RI round-up May 15th

RI’s regular round-up of the most important responsible investment news.

Carl Rosén, head of corporate governance and communications at the Second Swedish National Pension Fund (AP2), has been appointed executive director of the International Corporate Governance Network (ICGN). Rosen has been a board member of ICGN since 2008 and chairs the membership committee.
Proxinvest, the French proxy advisory company has recommended shareholders vote against the reappointment of Daniel Bouton, the chairman of Société Générale, as a director at Total, the French oil group, at its May 15th AGM. Bouton recently announced that he would be stepping down as chair of Société Générale, citing excessive criticism. Proxinvest said it had concerns over Bouton’s governance of the Kerviel affair and risk management at the French bank and said this raised question marks over his Total directorship.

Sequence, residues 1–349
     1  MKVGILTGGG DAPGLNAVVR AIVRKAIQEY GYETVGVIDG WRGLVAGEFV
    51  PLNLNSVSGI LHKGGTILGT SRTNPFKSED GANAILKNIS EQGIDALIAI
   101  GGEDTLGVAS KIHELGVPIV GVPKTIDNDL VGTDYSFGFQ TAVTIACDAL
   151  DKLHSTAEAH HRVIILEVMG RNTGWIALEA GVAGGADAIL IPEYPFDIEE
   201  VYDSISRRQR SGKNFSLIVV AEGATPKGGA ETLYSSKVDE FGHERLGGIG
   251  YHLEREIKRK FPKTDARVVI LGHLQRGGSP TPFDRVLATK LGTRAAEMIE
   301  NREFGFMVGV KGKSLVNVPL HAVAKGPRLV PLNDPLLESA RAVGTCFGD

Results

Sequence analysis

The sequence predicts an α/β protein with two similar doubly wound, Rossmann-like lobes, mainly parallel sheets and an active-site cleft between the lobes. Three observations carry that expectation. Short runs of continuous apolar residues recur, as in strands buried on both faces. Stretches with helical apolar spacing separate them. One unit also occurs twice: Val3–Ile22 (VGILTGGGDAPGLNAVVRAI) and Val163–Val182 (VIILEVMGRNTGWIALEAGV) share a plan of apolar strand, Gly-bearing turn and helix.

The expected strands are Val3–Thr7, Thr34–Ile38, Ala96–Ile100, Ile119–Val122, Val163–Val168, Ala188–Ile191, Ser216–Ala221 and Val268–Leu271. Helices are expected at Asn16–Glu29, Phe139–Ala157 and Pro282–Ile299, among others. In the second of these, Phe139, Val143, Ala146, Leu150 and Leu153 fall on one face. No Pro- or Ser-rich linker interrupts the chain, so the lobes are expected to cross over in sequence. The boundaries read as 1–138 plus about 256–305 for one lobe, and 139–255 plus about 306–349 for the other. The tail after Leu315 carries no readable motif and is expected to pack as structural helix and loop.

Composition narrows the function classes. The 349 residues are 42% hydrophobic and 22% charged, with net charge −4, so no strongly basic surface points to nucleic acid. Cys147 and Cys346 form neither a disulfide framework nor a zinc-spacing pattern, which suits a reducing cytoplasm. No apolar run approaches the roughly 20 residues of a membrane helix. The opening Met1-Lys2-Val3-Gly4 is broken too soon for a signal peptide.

The Bank of New York Mellon has launched a universal custody and trade settlement platform for carbon credits, Global Environmental Markets, which will enable management of credits through a single web site.
SAM, the Swiss sustainable asset manager, has teamed up with Gatehouse Bank, a London-based Islamic banks to sell what it says is the first ever Shariah-compliant investment strategy in the area of water.
Sander van Eijkern, CEO of SAM, said: “This partnership enables us to gain access to the promising segment of Islamic finance, which is expected to grow substantially in the years ahead.”